With the battle lines drawn, a state appeals court in Los Angeles today will once again consider a controversial case that could drastically affect the growing home-school movement in California.
The 2nd District Court of Appeal will hear arguments in a legal fight over whether parents who home-school their children must have teaching credentials. The same appeals court earlier this year sent shock waves through the nation’s home-schooling movement, finding that parents who lack teaching credentials are violating California’s compulsory-education laws if they home-school their children.
No other state has that requirement.
The ruling triggered protests from top state education officials, Gov. Arnold Schwarzenegger and others, prompting the appeals court to reopen the case in March. Since that time, both sides in the home-schooling debate have filed stacks of briefs to weigh in on an issue that arose by happenstance out of a Los Angeles child welfare case.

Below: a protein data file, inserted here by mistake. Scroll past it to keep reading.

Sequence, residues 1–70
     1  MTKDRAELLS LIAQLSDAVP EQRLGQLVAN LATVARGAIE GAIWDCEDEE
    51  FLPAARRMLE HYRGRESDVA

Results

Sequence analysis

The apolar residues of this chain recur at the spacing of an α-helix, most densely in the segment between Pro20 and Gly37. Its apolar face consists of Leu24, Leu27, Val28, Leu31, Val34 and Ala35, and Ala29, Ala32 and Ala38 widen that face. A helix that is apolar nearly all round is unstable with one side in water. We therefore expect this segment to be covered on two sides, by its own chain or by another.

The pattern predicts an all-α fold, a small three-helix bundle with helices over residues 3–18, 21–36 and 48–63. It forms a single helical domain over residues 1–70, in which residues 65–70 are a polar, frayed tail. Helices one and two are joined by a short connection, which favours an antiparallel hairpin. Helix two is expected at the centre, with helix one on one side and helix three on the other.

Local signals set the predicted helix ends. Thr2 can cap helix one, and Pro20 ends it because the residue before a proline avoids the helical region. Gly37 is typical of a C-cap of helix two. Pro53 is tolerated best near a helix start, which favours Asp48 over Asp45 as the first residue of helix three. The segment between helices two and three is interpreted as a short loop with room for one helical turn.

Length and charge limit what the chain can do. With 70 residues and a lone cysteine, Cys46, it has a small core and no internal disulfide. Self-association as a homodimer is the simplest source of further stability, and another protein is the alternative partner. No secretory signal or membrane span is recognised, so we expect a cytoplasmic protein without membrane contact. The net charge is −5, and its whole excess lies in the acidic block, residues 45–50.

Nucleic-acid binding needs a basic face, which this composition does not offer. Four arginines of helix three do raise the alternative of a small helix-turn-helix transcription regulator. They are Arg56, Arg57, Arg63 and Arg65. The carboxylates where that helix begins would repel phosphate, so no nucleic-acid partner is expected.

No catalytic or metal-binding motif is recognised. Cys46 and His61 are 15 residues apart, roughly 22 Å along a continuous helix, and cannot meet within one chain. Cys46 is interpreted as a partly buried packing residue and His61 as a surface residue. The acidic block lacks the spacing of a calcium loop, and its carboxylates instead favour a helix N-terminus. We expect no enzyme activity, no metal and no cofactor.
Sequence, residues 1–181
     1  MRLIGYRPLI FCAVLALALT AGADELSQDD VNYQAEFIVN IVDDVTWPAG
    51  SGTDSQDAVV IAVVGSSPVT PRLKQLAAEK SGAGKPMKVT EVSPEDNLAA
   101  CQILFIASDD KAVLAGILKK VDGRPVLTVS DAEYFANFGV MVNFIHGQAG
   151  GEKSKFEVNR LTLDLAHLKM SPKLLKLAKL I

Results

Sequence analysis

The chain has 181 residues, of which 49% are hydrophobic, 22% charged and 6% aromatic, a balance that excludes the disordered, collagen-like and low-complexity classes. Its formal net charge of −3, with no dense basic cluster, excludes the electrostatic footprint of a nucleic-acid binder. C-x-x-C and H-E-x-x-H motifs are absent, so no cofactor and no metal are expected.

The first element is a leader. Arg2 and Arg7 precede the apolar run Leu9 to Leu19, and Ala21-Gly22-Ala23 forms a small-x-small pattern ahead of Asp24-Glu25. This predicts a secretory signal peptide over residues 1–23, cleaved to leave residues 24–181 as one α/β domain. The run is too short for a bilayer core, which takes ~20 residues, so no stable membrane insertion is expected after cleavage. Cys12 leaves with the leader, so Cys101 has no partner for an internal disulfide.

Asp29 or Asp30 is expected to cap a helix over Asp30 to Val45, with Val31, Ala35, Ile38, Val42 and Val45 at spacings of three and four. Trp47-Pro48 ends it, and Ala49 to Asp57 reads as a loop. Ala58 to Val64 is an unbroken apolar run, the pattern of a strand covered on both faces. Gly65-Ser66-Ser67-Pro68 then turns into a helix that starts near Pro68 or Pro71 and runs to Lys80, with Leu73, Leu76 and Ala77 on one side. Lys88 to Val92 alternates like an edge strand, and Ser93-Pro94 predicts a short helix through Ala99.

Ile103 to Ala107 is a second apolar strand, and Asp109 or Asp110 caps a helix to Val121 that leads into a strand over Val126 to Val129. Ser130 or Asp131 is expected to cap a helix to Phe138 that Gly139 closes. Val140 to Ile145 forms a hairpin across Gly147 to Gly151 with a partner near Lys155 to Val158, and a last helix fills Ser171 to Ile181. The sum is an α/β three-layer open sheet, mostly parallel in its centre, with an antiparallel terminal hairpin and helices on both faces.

The appeals court has 90 days to rule, which would result in a decision sometime around the start of the next school year. The California Supreme Court may still have the last word in the case.
Home-schooling advocates estimate that more than 160,000 children are now home-schooled in California, most of them by parents without teaching credentials.
Schwarzenegger, Attorney General Jerry Brown and state schools Superintendent Jack O’Connell have urged the appeals court to reverse its earlier decision. They’re joined by the California Homeschool Association and various conservative groups.
The California Teachers Association is among the groups arguing that children should only be taught by credentialed instructors, warning the appeals court that it would create “educational anarchy” if home-schoolers can teach without credentials.
California law requires children between 6 and 18 years old to attend a full-time public or private school, or be taught by someone with a credential for the student’s grade level.
The law has seldom been enforced for home-schooling parents, but the appeals court’s previous ruling put those parents in jeopardy of running afoul of those education laws. State education officials have typically left oversight of home-schooling to individual school districts.